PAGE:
“Your letter of 25th April 2017 gives an impression that Ministry of Environment and the DEA do not seem to appreciate the severe financial losses resulting from diamond theft due to inefficiencies of the current security measure. The impression created on the above is misplaced considering thee efforts the Ministry have engaged on to treat Scannex differently from the normal EIA process against the pressure from the Mining Un ion and the emerging scientific evidence that points out to the negative effects of ionizing radiation from use of Scannex,” reads Tshekedi’s response in part.
Tshekedi’s submission argues that the health and safety effects of Scannex in the current situation, where the scientific community is raising arguments of equal strength for and against it’s due to ionizing radiation. Khama’s stand is also to encourage Debswana to consider other equally effective alternative technologies in the midst of controversies around Scannex.
All agencies that are said to have approved Scannex, have done so with cautious statements, that Khama said cannot be ignored. That is the University of Botswana, Department of Mines, Ministry of Health and the Department of Radiation Protection.
March 2014, DEA indicated that the study was under review and should be subjected to public review. Debswana then wrote to DEA indicating a concern that subjecting the study to public review would compromise the fundamental security of diamonds in its mines. DEA then requested Debswana to make an application to be exempted from publishing the study in the Government Gazette and newspapers, and Debswana did accordingly in April 2014.
July 2014 a further motivation to the exemption application was made by Debswana outlining the available health support protocols for the Scannex implementation.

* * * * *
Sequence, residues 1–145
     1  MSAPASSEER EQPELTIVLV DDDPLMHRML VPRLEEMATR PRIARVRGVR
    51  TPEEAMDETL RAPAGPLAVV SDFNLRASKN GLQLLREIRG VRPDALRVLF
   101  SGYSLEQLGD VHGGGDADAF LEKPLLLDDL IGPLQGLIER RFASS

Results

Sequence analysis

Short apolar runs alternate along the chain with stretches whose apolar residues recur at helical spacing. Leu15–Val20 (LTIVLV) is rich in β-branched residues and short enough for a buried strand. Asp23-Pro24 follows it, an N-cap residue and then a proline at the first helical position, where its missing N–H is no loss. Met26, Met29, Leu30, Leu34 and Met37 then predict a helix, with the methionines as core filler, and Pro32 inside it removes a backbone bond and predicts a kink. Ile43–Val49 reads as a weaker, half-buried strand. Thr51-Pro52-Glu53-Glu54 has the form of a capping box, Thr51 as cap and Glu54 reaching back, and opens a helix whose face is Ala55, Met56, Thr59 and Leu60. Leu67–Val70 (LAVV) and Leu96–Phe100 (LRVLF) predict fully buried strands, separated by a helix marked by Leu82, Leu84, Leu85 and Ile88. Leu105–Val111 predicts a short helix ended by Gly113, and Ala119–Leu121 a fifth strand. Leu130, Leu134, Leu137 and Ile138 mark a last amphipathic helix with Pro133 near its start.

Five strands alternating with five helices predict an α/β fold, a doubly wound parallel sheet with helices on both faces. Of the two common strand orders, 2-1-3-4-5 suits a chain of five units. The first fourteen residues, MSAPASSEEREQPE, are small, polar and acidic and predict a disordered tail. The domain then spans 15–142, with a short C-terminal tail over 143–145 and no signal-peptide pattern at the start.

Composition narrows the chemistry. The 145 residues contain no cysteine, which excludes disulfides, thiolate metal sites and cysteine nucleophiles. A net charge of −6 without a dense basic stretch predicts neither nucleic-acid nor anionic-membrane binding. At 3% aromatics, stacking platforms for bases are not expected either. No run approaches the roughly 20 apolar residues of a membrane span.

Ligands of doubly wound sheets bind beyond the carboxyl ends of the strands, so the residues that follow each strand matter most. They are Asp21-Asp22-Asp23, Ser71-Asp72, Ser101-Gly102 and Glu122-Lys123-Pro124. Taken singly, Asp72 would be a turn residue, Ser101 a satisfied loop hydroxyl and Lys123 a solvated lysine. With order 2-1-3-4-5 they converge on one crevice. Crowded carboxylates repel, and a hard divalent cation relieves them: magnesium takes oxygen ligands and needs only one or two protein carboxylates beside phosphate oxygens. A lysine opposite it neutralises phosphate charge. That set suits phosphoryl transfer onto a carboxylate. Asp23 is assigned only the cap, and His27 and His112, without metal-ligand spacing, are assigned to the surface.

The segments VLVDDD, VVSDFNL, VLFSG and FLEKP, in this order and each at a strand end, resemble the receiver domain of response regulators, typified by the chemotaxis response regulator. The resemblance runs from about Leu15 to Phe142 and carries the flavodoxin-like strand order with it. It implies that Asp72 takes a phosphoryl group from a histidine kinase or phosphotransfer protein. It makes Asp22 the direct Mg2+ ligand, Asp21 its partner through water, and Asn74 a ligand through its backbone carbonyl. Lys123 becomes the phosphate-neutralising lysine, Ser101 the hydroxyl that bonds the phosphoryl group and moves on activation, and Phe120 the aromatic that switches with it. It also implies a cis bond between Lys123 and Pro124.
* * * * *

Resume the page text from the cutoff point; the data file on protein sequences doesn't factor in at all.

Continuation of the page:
In response, DEA in August 2014 rejected the application and requested Debswana to remove security sensitive information from the study to ensure that they are subjected to public review.
Tshekedi however indicated in his submission that, by suggesting removal of sensitive issues in the public review, the Ministry was trying to assist facilitate the process with aspect of security taken into account. “The Mining Union faulted the Ministry for undertaking incomplete review and therefore hiding the side effects of Scannex. That statement was tantamount to incriminating to say the least and hence we could not ignore. The proposed public review hit a snag when we started to receive counter arguments from scientific community on the health and safety of using Scannex on employees as security tool in the mines. That alone became a challenge considering that under normal circumstances it is the health of the workforce that is prioritized lest the government will be reviewed as prioritizing diamonds over employees’ health,” pointed out Khama.
To Tshekedi it became apparent that Debswana had already made its mind on the use of Scannex, including the arrangement that the machines would be supplied by Debtech, a company owned by De Beers.
Tshekedi said he should not be seen as the bad person now, as this issue has long stalled during Mokaila’s time, and now that is almost eight years ago.
The matter continues in High Court on the 21st of June 2018 for status hearing.